Classical Mechanics, The Theoretical Minimum: angular momentum conservation for the double pendulum without gravitational field

I'm reading Susskind's and Hrabovsky's Classical Mechanics, The Theoretical Minimum. I am able to solve all exercises, except for one: exercise 7 from Lecture 7, where you are asked to prove that the angular momentum of a double pendulum is conserved if there is no gravitational field.

The masses and rod lengths are all chosen to be 1. The choice of coordinates is different from most textbooks, in that the angle of the second rod is measured with respect to the angle of the first rod, and not with respect to the vertical, see the figure:

The expression for the Lagrangian without a gravitational field is given in the book as $$L = \frac{\dot{\theta}^2}{2} + \frac{\dot{\theta}^2 + (\dot{\theta}+\dot{\alpha} )^2}{2} + \dot{\theta} (\dot{\theta}+\dot{\alpha} ) \cos \alpha$$ From this expression it can be seen that $\frac{\partial L}{\partial \theta}=0$ and $\frac{\partial L}{\partial \alpha} = -\dot{\theta}(\dot{\theta}+\dot{\alpha} ) \sin \alpha$. The other two terms in the Euler-Lagrange equations become $$\frac{\partial L}{\partial \dot{\theta}} = 3\dot{\theta} + \dot{\alpha} + (2\dot{\theta} + \dot{\alpha}) \cos \alpha,$$ and $$\frac{\partial L}{\partial \dot{\alpha}} = \dot{\theta} + \dot{\alpha} + \dot{\theta} \cos \alpha.$$ Taking the time derivative of the latter two equations yields $$\frac{d}{dt} \frac{\partial L}{\partial \dot{\theta}} = 3\ddot{\theta} + \ddot{\alpha} + (2\ddot{\theta} + \ddot{\alpha})\cos \alpha - \dot{\alpha}(2\dot{\theta} + \dot{\alpha}) \sin \alpha$$ and $$\frac{d}{dt} \frac{\partial L}{\partial \dot{\alpha}} = \ddot{\theta} + \ddot{\alpha} + \ddot{\theta}\cos \alpha - \dot{\alpha} \dot{\theta} \sin \alpha.$$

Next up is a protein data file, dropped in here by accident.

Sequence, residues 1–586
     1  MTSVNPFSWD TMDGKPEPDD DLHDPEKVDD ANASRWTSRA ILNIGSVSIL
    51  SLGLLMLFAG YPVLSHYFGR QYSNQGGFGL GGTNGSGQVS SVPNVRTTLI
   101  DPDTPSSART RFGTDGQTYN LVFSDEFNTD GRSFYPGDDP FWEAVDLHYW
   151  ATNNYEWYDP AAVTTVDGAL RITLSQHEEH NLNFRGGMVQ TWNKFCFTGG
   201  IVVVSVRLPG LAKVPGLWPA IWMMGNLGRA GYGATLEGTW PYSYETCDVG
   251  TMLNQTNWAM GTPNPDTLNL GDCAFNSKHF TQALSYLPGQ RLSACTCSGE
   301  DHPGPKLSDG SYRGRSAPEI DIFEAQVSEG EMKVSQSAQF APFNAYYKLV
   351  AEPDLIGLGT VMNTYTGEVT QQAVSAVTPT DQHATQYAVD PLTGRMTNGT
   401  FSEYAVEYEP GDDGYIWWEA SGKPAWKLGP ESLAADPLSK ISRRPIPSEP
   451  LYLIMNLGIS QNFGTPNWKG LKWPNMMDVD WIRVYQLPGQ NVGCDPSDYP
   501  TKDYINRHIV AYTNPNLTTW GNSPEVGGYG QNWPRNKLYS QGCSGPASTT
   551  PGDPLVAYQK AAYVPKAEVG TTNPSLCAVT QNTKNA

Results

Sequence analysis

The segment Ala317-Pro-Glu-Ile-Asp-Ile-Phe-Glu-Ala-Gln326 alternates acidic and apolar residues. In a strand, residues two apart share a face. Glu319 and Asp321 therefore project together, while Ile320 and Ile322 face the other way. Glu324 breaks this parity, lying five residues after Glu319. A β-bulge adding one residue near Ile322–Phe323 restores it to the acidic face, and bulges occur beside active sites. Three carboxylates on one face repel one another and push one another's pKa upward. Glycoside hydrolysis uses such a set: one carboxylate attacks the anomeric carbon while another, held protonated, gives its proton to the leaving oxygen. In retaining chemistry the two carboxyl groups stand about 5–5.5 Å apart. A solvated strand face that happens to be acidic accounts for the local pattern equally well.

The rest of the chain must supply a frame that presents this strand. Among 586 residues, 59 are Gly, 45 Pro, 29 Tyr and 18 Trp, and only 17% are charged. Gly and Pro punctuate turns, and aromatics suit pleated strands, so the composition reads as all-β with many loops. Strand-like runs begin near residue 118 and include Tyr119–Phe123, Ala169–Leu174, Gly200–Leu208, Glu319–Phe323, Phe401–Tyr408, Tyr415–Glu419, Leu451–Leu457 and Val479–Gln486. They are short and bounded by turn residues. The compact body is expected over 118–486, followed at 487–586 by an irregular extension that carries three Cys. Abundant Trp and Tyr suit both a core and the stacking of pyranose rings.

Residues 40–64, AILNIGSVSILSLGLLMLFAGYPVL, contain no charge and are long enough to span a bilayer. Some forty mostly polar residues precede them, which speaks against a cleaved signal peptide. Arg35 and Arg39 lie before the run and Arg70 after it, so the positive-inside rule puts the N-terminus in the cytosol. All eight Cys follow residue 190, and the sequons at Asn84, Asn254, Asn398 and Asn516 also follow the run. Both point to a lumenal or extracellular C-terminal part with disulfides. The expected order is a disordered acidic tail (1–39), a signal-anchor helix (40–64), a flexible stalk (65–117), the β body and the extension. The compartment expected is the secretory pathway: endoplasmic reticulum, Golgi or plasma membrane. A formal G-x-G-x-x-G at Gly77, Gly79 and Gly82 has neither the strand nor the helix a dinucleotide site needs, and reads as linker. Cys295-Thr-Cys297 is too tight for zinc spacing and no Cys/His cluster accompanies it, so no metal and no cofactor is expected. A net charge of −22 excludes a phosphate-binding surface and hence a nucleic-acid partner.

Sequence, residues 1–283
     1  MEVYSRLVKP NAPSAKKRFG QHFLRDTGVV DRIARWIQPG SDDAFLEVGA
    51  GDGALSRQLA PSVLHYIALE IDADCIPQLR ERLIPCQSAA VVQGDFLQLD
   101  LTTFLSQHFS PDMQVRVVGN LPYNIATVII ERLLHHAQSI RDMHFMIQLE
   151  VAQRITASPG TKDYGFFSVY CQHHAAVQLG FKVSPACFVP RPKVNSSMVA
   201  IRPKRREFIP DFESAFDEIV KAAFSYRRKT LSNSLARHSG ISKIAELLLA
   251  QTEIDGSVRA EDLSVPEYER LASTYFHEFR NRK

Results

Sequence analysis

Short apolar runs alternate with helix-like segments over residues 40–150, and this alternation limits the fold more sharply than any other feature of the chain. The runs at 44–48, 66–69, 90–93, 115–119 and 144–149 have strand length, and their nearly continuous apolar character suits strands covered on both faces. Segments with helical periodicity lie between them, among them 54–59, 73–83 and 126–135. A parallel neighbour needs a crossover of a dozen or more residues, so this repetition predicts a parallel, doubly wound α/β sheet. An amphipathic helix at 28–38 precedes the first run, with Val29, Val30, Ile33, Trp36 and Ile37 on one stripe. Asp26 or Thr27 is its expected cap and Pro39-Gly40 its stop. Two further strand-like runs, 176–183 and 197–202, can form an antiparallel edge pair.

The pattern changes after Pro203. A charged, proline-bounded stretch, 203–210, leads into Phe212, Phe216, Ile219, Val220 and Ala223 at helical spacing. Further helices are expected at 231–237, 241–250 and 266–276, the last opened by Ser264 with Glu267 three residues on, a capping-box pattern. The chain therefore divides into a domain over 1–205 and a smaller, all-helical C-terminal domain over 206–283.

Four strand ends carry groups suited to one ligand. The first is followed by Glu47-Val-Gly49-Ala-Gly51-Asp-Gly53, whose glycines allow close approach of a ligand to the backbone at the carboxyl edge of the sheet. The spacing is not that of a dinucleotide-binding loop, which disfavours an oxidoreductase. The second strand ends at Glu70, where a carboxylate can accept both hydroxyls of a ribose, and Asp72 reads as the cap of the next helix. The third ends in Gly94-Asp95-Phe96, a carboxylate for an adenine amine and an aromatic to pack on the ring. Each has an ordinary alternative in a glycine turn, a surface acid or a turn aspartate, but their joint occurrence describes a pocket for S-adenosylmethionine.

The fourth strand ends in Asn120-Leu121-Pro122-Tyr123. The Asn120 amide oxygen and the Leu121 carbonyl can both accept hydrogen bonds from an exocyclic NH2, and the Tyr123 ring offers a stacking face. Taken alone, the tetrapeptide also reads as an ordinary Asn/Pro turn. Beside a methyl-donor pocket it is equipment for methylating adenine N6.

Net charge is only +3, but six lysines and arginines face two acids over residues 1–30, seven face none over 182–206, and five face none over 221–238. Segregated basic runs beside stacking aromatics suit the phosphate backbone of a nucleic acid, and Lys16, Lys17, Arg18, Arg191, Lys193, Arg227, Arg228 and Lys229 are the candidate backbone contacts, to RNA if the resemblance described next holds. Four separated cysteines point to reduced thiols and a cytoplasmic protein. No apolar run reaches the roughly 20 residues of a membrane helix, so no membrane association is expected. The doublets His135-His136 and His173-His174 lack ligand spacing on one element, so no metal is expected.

Using the conjugate angular momenta $p_{\theta} = \frac{\partial L}{\partial \dot{\theta}}$ and $p_{\alpha} = \frac{\partial L}{\partial \dot{\alpha}}$, the Euler-Lagrange equations can be written as $$\frac{d p_{\theta}}{dt} = \frac{\partial L}{\partial \theta} = 0,$$ and $$\frac{d p_{\alpha}}{dt} = \frac{\partial L}{\partial \alpha} = -\dot{\theta}(\dot{\theta}+\dot{\alpha} ) \sin \alpha.$$ From the latter four equations we can equate the first and the third one, and the second and the fourth one, to obtain the equations of motion $$3\ddot{\theta} + \ddot{\alpha} + (2\ddot{\theta} + \ddot{\alpha})\cos \alpha - \dot{\alpha}(2\dot{\theta} + \dot{\alpha}) \sin \alpha = 0,$$ and $$\ddot{\theta} + \ddot{\alpha} + \ddot{\theta}\cos \alpha - \dot{\alpha} \dot{\theta} \sin \alpha = -\dot{\theta}(\dot{\theta}+\dot{\alpha} ) \sin \alpha.$$

Conservation of the total angular momentum implies that $\frac{d}{dt} \big[ p_{\theta} + p_{\alpha}\big] = 0$ must hold true. However, the above equations yield $$\frac{d}{dt} \big[ p_{\theta} + p_{\alpha}\big] = -\dot{\theta}(\dot{\theta}+\dot{\alpha} ) \sin \alpha.$$ I do not see how I can prove that the right-hand side of the last equation is zero, neither from the equations of motion nor in any other way. Can someone please help me with this problem?